Tags: State | Role | Foreclosure | Probe | Banks

State Role in Foreclosure Probe May Be Good for Banks

Friday, 29 Oct 2010 04:44 PM

Federal investigators are letting state attorneys general play a prominent role in probing U.S. foreclosure problems, good news for banks seeking to avoid criminal penalties amid allegations they used shoddy paperwork to evict delinquent borrowers from their homes.

The investigation's workload partly reflects the dominance of state law in mortgage matters and also underscores the difficulty of proving banks acted with criminal intent by using so-called "robo-signers" to speed foreclosure proceedings.

Bank of America, JPMorgan Chase, Ally Financial's GMAC Mortgage and Wells Fargo are among the targets of investigators.

"It's difficult for me to imagine a criminal prosecution of a large institution like that," said Edgardo Ramos, a lawyer at Day Pitney LLP in New York and a former federal prosecutor. "There may be an attempt to do the job and do it sloppily, or do it poorly or do it even recklessly, but there's no intent to defraud."

All 50 state AGs formed a joint probe earlier this month to investigate legal documents submitted in foreclosure proceedings. The Justice Department, federal bank regulators, and a task force involving more than 20 federal agencies are also examining the matter.

Iowa Attorney General Tom Miller, who is leading the AG probe, said the feds aren't quite "deferring" to the states on foreclosures, but they "are working very closely with us."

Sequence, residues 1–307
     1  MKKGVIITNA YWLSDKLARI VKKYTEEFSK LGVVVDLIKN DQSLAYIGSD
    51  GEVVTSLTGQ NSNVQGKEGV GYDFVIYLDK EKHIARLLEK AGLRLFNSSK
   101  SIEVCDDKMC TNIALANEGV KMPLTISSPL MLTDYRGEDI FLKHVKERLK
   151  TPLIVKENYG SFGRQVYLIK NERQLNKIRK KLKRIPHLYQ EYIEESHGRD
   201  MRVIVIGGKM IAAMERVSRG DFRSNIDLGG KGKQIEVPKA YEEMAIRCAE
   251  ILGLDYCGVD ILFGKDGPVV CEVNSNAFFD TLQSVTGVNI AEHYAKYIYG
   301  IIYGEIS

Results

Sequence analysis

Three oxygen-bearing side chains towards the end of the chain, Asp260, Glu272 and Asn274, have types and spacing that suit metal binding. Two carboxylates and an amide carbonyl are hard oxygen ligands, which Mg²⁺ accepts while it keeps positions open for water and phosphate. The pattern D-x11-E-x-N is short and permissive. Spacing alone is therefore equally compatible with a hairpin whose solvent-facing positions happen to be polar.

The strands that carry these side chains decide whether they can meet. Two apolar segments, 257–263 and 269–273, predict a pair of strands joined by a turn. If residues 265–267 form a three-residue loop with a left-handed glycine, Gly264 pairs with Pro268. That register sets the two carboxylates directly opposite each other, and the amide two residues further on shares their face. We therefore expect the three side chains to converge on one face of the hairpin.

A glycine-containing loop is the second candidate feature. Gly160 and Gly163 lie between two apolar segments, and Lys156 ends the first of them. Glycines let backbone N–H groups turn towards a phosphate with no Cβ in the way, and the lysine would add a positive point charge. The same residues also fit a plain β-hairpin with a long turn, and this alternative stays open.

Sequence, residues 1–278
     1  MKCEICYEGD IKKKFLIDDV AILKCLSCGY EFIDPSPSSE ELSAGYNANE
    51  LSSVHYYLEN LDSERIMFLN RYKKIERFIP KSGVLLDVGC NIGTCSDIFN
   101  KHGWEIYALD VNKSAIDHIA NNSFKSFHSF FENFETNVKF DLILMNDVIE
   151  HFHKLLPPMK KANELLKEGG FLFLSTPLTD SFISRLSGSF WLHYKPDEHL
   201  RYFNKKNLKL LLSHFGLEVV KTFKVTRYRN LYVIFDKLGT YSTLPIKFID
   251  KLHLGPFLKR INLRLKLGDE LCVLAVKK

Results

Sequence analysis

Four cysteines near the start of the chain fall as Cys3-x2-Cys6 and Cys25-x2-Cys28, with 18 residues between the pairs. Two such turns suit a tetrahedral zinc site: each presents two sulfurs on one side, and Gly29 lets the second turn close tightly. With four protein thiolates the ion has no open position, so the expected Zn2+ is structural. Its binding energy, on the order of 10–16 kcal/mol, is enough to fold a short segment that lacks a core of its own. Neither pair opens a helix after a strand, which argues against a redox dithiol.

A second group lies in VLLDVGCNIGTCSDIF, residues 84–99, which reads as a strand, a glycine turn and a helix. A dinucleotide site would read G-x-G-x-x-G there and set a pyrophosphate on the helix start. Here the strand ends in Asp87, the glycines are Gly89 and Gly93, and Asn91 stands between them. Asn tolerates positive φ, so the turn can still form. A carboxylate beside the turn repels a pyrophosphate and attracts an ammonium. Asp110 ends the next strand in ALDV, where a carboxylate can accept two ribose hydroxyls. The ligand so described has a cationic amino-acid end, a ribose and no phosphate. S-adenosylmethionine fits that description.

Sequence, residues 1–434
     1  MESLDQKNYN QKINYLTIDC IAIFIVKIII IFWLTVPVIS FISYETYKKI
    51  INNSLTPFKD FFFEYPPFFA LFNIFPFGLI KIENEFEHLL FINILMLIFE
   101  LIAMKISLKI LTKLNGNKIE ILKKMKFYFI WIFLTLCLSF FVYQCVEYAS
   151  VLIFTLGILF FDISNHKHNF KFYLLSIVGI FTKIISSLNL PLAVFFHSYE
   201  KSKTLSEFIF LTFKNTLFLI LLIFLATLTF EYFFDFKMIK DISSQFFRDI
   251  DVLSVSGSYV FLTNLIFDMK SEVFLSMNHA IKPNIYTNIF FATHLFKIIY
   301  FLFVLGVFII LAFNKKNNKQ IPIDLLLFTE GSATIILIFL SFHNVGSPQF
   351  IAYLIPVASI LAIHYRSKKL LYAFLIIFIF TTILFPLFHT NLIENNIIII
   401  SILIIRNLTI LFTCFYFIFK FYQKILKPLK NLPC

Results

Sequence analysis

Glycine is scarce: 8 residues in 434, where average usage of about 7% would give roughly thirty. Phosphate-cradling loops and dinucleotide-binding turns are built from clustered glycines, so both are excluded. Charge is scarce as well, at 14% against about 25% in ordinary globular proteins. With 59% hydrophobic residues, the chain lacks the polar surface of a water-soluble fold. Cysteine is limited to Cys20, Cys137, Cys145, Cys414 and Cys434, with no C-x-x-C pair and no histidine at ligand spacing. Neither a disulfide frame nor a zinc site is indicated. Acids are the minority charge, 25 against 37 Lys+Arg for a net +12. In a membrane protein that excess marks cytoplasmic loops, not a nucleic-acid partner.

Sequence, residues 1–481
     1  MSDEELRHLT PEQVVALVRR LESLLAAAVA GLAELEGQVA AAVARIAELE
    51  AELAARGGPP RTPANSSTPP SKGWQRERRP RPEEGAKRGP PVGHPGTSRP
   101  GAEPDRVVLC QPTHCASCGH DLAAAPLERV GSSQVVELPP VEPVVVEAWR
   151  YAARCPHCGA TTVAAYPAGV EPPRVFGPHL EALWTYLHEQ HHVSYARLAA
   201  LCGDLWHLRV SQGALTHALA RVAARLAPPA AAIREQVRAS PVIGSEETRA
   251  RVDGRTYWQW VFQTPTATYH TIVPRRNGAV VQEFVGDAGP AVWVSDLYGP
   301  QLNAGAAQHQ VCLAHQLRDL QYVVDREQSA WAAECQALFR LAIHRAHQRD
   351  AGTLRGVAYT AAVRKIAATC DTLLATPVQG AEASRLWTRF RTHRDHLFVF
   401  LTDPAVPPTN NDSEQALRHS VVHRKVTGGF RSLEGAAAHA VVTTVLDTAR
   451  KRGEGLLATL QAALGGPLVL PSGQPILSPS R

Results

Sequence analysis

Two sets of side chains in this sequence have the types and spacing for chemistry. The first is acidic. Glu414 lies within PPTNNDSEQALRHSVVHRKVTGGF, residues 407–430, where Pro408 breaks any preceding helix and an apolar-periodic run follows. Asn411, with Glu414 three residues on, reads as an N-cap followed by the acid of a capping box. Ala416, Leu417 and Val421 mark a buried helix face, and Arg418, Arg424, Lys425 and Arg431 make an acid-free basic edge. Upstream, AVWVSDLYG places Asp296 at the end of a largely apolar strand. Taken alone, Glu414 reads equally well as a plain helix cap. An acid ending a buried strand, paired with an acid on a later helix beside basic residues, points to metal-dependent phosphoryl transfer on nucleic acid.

Miller, a Democrat who is in his seventh four-year term as Iowa AG, says that alone is a big change from the Bush — and even the Clinton — administrations.

"This is a different level of cooperation and equality," Miller said.
The alleged foreclosure misconduct involves affidavits filed in state court, which fits neatly into any state AG's portfolio, Miller said, rather than the Justice Department.

The federal government can threaten prison time, but a settlement between the banks and state AGs would likely only involve money, said Scott Harshbarger, a former Massachusetts Attorney General who is now senior counsel with Proskauer in Boston.

"If (banks) can keep the feds out of it, they will," said Harshbarger, who is not representing any clients in the foreclosure mess.


Before Attorney General Eric Holder took over in Washington D.C. last year, lawyers in state AG's offices said they rarely heard from the Justice Department.

"There was always a bit of a feeling that the feds picked the best cases, and we were left handling the other ones," Harshbarger said.

Deborah Hagan, chief of the consumer protection division in the Illinois AG's office, said she has been to Washington, D.C. four times this year to discuss different cases with the Justice Department -- including mortgage issues.

"I've been in this office 29 years, and I've never seen the kind of collaboration, and the kind of deference, to what we bring to the table," Hagan said.

Some cases don't lend themselves to criminal sanctions, Hagan said, but state civil penalties can still be a deterrent.

"Large financial penalties can be just as painful as jail time," Hagan said.

Ramos predicted that the banks will face subpoenas from the federal government for what they knew and did in these foreclosure cases, and that the banks will volunteer to improve internal controls to ensure any problems do not happen again.

"Ultimately you will see civil dispositions pursuant to which banks will pay a significant fine and agree perhaps even to a monitor for some period of time," he said.

© 2015 Thomson/Reuters. All rights reserved.

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